Signs of Suspension Problems
You rely on your car to carry you safely from place to place. If anything should happen, you trust that it will shield you against any danger. Its chassis and bumpers will keep other vehicles from crushing your body during an accident. Its windshield and other windows will block flying debris from hitting you while your drive. Your car may even have extra modern safety gadgets that will brake and accelerate to avoid an accident.
Cars have some amazing safety features, and you take care of these features so they’ll take care of you. However, even in you maintain the parts listed above, you’ll still overlook one of the most important safety features in your vehicle: the suspension.
Your car’s suspension absorbs the shock from everything your car passes over, including any bumps, dips, debris, or other obstacles. Without it, your car wouldn’t provide such a smooth ride. Nor would it respond well after going over a speed bump or even coming to an abrupt stop.
You need your suspension if you want a comfortable, safe ride. Watch for the warning signs below to ensure this important safety feature never wears out.
1. You can feel every bump.
Your suspension has parts called shocks and struts, and these parts work together to keep your vehicle’s body stable and steady as you drive. They ensure that you don’t feel every little pebble that you run over.
However, if your feel your teeth chattering from the vibration as you drive, you probably have suspension problems. The shocks and struts can no longer make up for everything under your car’s wheels—they don’t respond quickly enough, or they can’t move enough, so you feel everything.
2. The car feels unstable or “boaty” when you turn.
When move people watch car movies or TV shows, they expect to see some drift as the racers or spies turn sharply around a corner. However, if you experience this in your own car every time you go around a turn, it means that the shocks and struts in your vehicle’s suspension no longer have enough strength to keep your car balanced and stable.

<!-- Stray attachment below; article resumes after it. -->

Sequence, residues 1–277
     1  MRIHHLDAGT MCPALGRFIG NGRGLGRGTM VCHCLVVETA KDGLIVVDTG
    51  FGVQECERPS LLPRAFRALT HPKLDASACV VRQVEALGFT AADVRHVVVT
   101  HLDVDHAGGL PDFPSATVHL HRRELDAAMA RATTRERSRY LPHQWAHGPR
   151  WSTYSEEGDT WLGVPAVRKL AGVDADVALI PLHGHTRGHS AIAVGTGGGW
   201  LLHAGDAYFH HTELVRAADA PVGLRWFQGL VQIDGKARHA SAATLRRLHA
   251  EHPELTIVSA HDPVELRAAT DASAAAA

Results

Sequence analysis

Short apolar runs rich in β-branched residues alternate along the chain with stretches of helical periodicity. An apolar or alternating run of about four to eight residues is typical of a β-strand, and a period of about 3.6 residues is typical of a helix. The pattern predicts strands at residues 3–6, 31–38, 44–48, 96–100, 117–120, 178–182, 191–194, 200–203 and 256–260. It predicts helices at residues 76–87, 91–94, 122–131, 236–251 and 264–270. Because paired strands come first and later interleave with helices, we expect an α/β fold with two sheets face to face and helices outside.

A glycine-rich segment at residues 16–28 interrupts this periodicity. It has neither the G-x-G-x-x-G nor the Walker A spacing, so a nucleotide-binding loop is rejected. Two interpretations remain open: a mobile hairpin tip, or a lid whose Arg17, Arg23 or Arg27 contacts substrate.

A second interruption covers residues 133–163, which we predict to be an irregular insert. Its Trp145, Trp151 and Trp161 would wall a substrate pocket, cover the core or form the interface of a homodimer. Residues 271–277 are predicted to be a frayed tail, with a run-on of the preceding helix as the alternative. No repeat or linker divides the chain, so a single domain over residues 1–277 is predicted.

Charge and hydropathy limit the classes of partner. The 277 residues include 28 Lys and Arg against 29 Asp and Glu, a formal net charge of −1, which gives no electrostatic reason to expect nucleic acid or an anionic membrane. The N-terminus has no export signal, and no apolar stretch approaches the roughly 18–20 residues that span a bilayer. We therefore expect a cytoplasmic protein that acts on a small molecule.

This drift or pull sensation can signal a serious problem. If you ignore the problem, you could have an increased risk of a rollover.
3. The car lurches when stopping or accelerating.
This signals the same kind of problem as a drifting turn. If your car lurches forward or backward while you stop or accelerate, then your suspension can’t keep your car steady anymore, and this could lead to a rollover.
You’ll likely notice this problem with sudden stops and starts at first. However, eventually it will happen every time you stop or start.
4. The car fails the bounce test.
To do the bounce test, take the following steps:
- Put your car in park.
- Get out of the car, walk to the front, and place both hands on the hood.
- Press down on the vehicle with all your weight and bounce it a few times.
- Repeat with the back of your vehicle.
If the car continues to rock or bounce more than a few times after you’ve released it, then you know your suspension has begun to wear out.
5. You hear a rusty door hinge or rattling noise.
As your suspension continues to wear out, you may hear a sound like a rusty door hinge opening and shutting. This indicates that parts have started to grate against each other. Rattling also indicates that parts have starting grating against each other, but it can also mean that pieces of your suspension have come loose.
6. The tires don’t wear evenly.
Ideally, your suspension supports your car evenly, which means your tires wear evenly. If you notice bald spots on some tires but not on others, then you may have the beginnings of a suspension problem.
7. The shocks have oil all over them.
Shocks and struts have fluid in them. When they start to wear out, that fluid leaks. Peer under your car’s body at the suspension to see if it has oil on it. If you see oil leaking everywhere, then you probably have a suspension problem. Your mechanic can tell you more.
Remedies for Suspension Problems
You can do some car repairs yourself. However, you should not attempt this one unless you have years of mechanical experience and you have the tools to back you up.
But since you probably don’t have the tools or experience requisite for suspension repairs, you should slowly and carefully drive your car over to the mechanic as soon as possible. Don’t drive quickly, as this will put excess strain on your car, and you don’t want to completely break your suspension.
Once you arrive at the auto body service centre, your mechanic will get to work determining what caused your suspension problems and then fixing them. Make sure you arrange for someone to pick you up because the mechanic may have to work on your car for a while.
For more tips on maintenance and repairs, check out the rest of our blog.